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Polish Lithuanian Diplomatic War? At last.


guesswho 4 | 1,289
26 Oct 2010 #91
only about 16% say they can speak English.

Wait and see, few more years and 70% of them will speak English :-)
SeanBM 35 | 5,808
26 Oct 2010 #92
80% of Lithuanians can speak Russian and 32% can speak English today.

They had to learn Russian when they were part of the U.S.S.R.

Now they are part of the E.U. and want to do international business they are learning English, so yes, there will be many more people speaking English in the future but I think they will still hold on to Russian and Polish because they are such a small country in between such big countries it just makes business sense.

If you look at it the other way round, the countries that don't learn other languages have enough internal market that it is simply not necessary. This isn't the case with Lithuania but is for Poland.
guesswho 4 | 1,289
26 Oct 2010 #93
They had to learn Russian when they were part of the U.S.S.R.

they probably hate it too

I think they will still hold on to Russian and Polish

I don't know, when I talked with them, it seemed like they don't really like either one of them.
Bratwurst Boy 9 | 10,632
27 Oct 2010 #94
Update II: YIKES! This just in from InterfaxRussia and Poland to sign memorandum for developing Kaliningrad's electricity grid (link may not work if you are not a subscriber). This report says that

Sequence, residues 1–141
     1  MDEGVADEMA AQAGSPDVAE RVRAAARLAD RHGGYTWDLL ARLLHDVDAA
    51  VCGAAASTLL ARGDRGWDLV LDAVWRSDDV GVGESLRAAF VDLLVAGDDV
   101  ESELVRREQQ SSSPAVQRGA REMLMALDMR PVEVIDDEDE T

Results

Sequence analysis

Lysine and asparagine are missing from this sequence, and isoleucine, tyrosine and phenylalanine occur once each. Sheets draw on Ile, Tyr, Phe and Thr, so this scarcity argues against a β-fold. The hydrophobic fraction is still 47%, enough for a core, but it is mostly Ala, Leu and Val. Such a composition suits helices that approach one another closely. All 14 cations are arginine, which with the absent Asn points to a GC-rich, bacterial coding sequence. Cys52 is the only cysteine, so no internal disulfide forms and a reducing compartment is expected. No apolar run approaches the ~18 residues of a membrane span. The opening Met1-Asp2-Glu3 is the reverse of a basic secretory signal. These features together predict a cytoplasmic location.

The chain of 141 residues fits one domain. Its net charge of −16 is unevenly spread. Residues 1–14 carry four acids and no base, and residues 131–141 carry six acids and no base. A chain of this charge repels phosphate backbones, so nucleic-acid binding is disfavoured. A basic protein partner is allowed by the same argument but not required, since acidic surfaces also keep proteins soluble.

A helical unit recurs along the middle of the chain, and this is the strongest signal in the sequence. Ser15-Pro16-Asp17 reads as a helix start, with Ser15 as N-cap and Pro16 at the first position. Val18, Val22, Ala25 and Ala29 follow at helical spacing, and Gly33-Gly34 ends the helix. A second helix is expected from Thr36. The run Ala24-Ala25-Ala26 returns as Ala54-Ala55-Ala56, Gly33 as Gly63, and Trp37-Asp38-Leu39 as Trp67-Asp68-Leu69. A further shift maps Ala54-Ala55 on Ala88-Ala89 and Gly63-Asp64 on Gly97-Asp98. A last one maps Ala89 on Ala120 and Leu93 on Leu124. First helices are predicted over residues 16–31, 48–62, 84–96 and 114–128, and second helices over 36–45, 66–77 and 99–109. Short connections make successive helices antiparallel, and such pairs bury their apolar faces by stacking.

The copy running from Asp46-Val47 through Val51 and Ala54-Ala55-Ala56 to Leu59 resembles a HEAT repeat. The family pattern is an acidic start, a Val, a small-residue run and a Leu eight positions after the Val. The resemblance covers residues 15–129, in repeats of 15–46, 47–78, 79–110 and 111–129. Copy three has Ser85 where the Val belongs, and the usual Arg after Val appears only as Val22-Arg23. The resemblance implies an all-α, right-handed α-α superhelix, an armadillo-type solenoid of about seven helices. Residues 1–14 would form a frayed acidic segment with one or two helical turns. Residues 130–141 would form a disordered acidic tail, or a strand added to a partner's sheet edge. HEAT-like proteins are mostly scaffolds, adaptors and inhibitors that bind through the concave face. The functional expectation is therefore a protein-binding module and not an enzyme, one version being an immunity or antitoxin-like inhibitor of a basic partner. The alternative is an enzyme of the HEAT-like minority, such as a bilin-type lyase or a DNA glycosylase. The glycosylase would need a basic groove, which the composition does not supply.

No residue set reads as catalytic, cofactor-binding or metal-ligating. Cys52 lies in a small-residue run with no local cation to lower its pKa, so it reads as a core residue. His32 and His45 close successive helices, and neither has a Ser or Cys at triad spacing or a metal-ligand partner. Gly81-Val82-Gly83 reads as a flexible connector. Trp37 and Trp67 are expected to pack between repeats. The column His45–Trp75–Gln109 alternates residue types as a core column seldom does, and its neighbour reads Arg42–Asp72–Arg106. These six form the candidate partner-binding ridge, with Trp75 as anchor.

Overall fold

"Russia and Poland plan to sign memorandum for developing the electricity grid system of the Kaliningrad Region in the near future, Russia Energy Minister Sergei Shmatko told journalists after meeting with Polish Deputy Prime Minsiter [sic] and Economic Minister Valdemar Pavlyak.

If true, this is potentially huge as it kyboshes the planned Polish-Lithuanian-Latvian-Estonian joint nuclear power station which is supposedly to be built on the site of the old Ignalina in Lithuania.

economist/blogs/easternapproaches/2010/10/poland_and_lithuania

Poland snuggling up to Russia on the back of it's neighbour??? ;)
hague1cmaeron 14 | 1,377
27 Oct 2010 #95
Context means everything. Do they mean teaching in Polish? Or Polish as a second language?

I doubt it, unless the Poles were arguing from the context of equivalence of the Polish language with Lithuanian, which I strongly doubt. In which case his comment more than speaks for itself.
PennBoy 76 | 2,437
27 Oct 2010 #96
Poland snuggling up to Russia on the back of it's neighbour??? ;)

Well i think good relations with Germany and Russia are far more important to Poland, not just to have peaceful relations with those two, but economic benefits. Lithuanians mistrust us, during the Polish-Soviet War (Bolshevik) of 1920, after driving the enemy back, Polish soldiers decided to just 'take' Vilnius while they're there, and incorporate part of Lithuania into Poland. Then Soviets annexed them in 1940. They have they're reasons.
Litwinus - | 7
27 Oct 2010 #97
1.